In the case of Apotex Inc. v. Eli Lily and Company, 2015 ONCA 305, Eli Lilly and Company and Eli Lilly Canada Inc. (“Lilly”) had used the process available under the regulatory scheme of the Patented Medicines (Notice of Compliance) Regulations, SOR/93-133, in order to keep Apotex’s generic counterpart to Strattera (a drug used in the treatment of Attention Deficit Hyperactivity Disorder) off the market. Lilly thus ensured a virtual monopoly on sales of the drug.
Apotex’s generic counterpart to Strattera was approved on October 10, 2008. Lilly had immediately launched prohibition proceedings to protect its patent rights and prevent the issuance of a Notice of Compliance (NOC), which would enable Apotex to bring its counterpart to Strattera to the market. In the meantime, Lilly was facing allegations regarding the invalidity of their patent. The allegations resulted in a court action and on September 14, 2010, the Federal Court revoked Lilly’s patent to the formula underlying Strattera.
At this point “Apotex…became entitled to recover from Lilly, under s. 8(1) of the PMNOC regulations, the loss it suffered as a result of its exclusion from the market” (para 10). As such, Apotex commenced an action against Lilly to recover its losses as owed under the Statute of Monopolies, R.S.O. 1897, c. 323, s. 8 of the PMNOC regulations, and Trade-marks Act, R.S.C. 1985, c. T-13. However, Apotex decided to also claim unjust enrichment with regards to the seventy million dollars ($70,000,000.00) that Lilly earned during the two years in which Apotex was effectively excluded from the market.
THE ONTARIO COURT OF APPEAL DECISION
The Ontario Court of Appeal (“OCA”), with reference to Kerr v Baranow, 2011 SCC 10 (CanLII),  1 S.C.R. 269, explained that in order to succeed in a claim for unjust enrichment “a plaintiff must prove three components: (1) an enrichment of or benefit to the defendant; (2) a corresponding deprivation of the plaintiff; and (3) the absence of a juristic reason for the enrichment”.
The OCA, however, explained that Apotex’s claim for unjust enrichment would fail independently of whether it is even available. “Apotex was never deprived of the portion of Lilly’s revenues represented by its monopolistic profits because Apotex would never have earned those profits.” The OCA goes on to explain that Apotex failed to indicate their deprivation in their statement of claim, instead asserting that their exclusion deprived the public. Furthermore, the OCA relied on the Supreme Court of Canada (SCC) Decision in Professional Institute of the Public Service of Canada v. Canada (Attorney General), 2012 SCC 71 (CanLII),  3 S.C.R. 660 to characterize unjust enrichment as a reversal of “unjust transfers of wealth.” The SCC emphasized a strong association between the gain and the deprivation – “they are ‘the same thing from two different perspectives’ or ‘two sides of the same coin.’” The OCA followed this rationale to the family law case of Pettkus v. Becker, 1980 CanLII 22 (SCC),  2 S.C.R. 834, where it was explained that a casual connection needs to exist between the gain and the associated deprivation or loss.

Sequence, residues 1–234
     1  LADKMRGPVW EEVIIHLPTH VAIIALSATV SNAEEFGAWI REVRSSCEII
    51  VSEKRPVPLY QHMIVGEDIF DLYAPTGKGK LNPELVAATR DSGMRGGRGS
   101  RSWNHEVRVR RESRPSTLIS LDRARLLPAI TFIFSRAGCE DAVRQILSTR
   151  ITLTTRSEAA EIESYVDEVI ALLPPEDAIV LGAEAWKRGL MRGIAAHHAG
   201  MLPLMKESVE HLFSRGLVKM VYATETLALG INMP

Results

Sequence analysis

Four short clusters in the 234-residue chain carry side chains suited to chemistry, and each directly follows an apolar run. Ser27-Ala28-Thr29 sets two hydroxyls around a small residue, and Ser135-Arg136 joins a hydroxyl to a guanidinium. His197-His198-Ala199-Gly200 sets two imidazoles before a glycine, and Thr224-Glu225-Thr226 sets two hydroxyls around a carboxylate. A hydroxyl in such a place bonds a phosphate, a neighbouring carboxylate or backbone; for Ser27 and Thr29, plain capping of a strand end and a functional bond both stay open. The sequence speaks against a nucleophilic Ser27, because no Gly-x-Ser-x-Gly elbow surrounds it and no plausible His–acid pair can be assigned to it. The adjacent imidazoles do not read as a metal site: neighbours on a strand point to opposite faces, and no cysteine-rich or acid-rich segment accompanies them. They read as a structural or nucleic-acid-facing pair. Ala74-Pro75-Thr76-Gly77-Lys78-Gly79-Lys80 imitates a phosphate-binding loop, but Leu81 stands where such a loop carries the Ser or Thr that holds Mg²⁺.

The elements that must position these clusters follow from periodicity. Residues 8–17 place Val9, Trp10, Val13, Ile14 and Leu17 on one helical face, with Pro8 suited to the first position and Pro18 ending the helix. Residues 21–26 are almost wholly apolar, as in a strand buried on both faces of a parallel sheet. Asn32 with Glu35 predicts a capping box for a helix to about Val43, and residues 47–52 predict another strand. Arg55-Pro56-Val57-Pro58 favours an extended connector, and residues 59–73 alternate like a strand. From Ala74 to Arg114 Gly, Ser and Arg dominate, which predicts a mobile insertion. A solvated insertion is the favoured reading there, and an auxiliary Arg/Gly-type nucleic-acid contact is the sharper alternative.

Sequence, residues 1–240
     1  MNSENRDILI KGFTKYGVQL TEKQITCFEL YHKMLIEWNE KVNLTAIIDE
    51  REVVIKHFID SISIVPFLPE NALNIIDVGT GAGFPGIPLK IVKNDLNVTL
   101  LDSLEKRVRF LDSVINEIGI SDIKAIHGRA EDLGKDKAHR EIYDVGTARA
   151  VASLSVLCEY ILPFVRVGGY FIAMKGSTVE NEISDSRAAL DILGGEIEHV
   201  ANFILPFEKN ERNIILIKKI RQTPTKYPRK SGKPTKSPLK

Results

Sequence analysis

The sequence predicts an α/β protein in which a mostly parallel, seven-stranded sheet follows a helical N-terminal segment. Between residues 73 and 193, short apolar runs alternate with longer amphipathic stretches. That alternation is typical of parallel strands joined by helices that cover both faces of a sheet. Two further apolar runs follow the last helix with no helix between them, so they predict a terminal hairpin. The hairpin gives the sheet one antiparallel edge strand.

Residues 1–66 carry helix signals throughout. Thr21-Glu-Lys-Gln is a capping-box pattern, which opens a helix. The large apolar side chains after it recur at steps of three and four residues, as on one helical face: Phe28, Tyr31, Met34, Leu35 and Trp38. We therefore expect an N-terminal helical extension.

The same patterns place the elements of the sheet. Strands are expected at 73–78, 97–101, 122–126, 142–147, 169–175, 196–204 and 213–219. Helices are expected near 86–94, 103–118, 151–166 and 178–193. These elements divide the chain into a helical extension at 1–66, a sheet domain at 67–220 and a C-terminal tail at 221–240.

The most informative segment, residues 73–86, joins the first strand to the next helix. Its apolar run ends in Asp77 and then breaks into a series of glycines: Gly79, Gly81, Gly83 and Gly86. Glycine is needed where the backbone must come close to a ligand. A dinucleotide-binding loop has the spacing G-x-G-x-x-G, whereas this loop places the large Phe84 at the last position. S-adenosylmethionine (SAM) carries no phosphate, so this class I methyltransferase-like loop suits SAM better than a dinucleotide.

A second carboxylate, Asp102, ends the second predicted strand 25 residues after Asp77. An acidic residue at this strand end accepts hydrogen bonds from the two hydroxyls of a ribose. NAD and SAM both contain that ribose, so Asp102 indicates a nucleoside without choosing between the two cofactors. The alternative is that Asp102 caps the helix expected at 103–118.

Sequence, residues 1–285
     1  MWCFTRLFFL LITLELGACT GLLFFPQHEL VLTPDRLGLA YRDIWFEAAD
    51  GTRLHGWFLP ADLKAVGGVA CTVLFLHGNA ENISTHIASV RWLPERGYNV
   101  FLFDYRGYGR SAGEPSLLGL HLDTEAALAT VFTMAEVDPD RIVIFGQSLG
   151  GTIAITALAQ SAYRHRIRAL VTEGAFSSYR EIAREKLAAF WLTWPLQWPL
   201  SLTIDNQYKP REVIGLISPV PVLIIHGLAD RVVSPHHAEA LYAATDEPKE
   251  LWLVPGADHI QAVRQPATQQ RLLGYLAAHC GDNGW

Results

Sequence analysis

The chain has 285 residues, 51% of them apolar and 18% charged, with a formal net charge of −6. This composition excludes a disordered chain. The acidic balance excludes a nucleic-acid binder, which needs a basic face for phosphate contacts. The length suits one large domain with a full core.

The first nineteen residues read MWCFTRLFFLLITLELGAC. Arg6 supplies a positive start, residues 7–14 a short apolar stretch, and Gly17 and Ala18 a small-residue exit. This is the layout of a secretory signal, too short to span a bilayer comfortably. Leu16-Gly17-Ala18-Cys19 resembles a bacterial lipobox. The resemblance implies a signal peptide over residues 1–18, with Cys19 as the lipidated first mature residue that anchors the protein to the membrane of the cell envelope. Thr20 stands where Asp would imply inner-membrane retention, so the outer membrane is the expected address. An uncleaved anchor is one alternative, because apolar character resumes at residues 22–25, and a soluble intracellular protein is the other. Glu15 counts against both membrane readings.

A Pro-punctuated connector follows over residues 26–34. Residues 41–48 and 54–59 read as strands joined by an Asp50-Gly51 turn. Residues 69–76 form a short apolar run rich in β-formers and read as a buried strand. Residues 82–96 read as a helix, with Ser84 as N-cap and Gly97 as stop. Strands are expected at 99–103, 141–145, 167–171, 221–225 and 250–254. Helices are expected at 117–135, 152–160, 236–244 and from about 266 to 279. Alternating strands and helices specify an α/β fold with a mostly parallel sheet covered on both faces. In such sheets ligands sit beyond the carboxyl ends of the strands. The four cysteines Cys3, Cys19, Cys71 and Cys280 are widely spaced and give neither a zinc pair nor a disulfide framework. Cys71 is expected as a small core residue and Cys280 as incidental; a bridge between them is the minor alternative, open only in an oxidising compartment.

As such, the OCA determined that “Apotex cannot show that Lilly’s monopolistic profits should have accrued to it as a result of a legal entitlement or a contribution it made” (Para 46). In response Apotex referenced cases where unjust enrichment arose not from a corresponding loss but from an unconscionable gain. The OCA took the opportunity to differentiate between the two varieties of unjust enrichment.
The first kind relies on a transfer of wealth, which the OCA showed is inapplicable to Apotex’s case as they had no claim or entitlement to any of the profits initially. The second kind relies on a party profiting from an unconscionable wrong. The OCA explained that such a remedy is exceptional and is only awarded in a restitutionary sense, usually in cases where there was a breach of fiduciary duty, as it still contemplates an injury or a wrong accruing to the other side. The OCA made clear that in the case at hand Apotex cannot successfully claim for unjust enrichment due to wrongdoing as it would effectively designate itself as the only victim. However, that is not the case, in accordance with Apotex’s own statement of claim the victims of this two-year monopoly were the consumers who were effectively robbed of their opportunity to purchase the drug at a lower price. Furthermore, the OCA noted that such a remedy was provided only in situations where other remedies were insufficient, and as such is to be deployed only in exceptional circumstances.
Apotex pleaded that the current regulatory mechanisms in place did not deter pharmaceutical companies from engaging in practices similar to Lilly because the amount they made whilst under false monopolies would far outweigh any monetary consequences accruing thereafter. The OCA seemingly brushed those concerns aside stating that the law may still provide for a disgorgement of those profits to the parties actually affected, namely the public. As such, the OCA held in favour of Lilly dismissing the claim for unjust enrichment.
Despite the determination against Apotex’s claims for unjust enrichment, it would appear that there is some precedent established for the benefit of the consumers when it comes to unjust enrichment in the context of pharmaceutical monopolies like the one enjoyed by Lilly in the case above. As such, the additional deterrence factor that Apotex was seeking can be achieved via a class-action suit, or some other form of legal mechanism that would disgorge the profits of such improper monopolies to their rightful beneficiaries – the public consumer.
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